Due to the unfolding COVID-19 situation, cars and vans and motorcycles due their MOT from 30 March 2020 will have their MOT extended by 6 months.
This will continue until confirmed otherwise. This will allow vehicle owners to continue to be able to get to work where this absolutely cannot be done from home or do essential shopping.
Vehicles must be kept in a roadworthy condition and drivers can be prosecuted if they drive an unsafe vehicle.
You do not need to do anything to extend your vehicle’s MOT expiry date if it’s on or after 30 March 2020. However, you must keep your vehicle safe to drive.
Your vehicle will be automatically given a 6-month MOT exemption. This will extend your current MOT expiry date by 6 months.
Your vehicle’s MOT was due to expire on 3 April 2020.
This will automatically be extended to 3 October 2020. You will need to get your MOT by this date.
You can check your MOT history to see when you have been issued an exemption. It will not be updated straight away, so keep checking back if your new due date MOT is not yet showing.
You will not get a paper exemption certificate. If your vehicle tax is due, you can tax your vehicle as soon as your MOT due date has been updated.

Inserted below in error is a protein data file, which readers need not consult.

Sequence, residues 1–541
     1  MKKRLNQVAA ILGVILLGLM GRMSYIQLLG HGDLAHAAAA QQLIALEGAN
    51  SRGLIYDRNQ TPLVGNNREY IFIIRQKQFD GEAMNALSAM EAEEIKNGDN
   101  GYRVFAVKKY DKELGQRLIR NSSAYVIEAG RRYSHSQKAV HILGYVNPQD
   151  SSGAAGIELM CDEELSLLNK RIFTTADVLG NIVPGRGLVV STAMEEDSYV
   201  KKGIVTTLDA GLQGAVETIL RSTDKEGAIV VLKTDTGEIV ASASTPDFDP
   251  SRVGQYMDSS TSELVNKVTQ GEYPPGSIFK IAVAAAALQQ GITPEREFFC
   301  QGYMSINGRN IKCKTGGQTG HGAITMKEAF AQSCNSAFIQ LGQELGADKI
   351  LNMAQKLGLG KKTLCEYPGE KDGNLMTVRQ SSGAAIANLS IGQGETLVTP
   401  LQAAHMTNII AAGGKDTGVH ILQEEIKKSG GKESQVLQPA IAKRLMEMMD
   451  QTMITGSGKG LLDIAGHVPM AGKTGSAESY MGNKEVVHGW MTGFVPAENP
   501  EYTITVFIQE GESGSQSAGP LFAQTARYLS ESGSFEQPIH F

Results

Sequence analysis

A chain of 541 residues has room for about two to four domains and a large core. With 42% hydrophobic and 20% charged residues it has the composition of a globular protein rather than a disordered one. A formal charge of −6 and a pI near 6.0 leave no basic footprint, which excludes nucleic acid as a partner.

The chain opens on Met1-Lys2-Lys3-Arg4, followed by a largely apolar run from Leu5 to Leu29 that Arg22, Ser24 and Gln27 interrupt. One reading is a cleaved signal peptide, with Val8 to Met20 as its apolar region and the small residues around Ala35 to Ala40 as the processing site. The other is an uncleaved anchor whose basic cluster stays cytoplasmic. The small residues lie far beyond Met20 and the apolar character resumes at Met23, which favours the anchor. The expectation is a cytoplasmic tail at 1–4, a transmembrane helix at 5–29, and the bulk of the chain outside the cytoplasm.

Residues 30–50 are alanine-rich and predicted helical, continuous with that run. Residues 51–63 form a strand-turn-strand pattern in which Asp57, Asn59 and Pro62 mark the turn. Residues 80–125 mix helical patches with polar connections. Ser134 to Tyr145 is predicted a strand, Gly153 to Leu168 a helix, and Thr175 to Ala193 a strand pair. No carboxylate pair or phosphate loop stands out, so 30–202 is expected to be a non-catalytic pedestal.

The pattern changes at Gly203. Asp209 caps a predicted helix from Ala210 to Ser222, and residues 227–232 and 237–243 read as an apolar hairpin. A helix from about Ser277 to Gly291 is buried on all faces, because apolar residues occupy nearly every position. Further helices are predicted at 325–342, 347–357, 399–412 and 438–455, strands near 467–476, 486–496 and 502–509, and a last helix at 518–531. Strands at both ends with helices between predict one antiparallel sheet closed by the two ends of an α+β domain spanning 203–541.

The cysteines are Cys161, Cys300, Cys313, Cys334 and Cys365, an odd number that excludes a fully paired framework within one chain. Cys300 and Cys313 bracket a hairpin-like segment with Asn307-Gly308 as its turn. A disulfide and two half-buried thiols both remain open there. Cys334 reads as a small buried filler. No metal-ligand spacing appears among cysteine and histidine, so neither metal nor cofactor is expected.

If your vehicle’s first MOT is due
Your vehicle will be automatically given a 6-month MOT exemption from the date its first MOT was due.
If your first MOT was due before 30 March 2020 and your vehicle did not pass
Your vehicle will not get an extension to its MOT due date. Your vehicle will need to pass an MOT before you can drive it again.
The government is allowing MOT centres and garages to remain open. So you can still get an MOT if you need your vehicle:
- to shop for basic necessities, for example food and medicine, which must be as infrequent as possible
- for any medical need, or to provide care or to help a vulnerable person
- to travel to and from work, but only where this absolutely cannot be done from home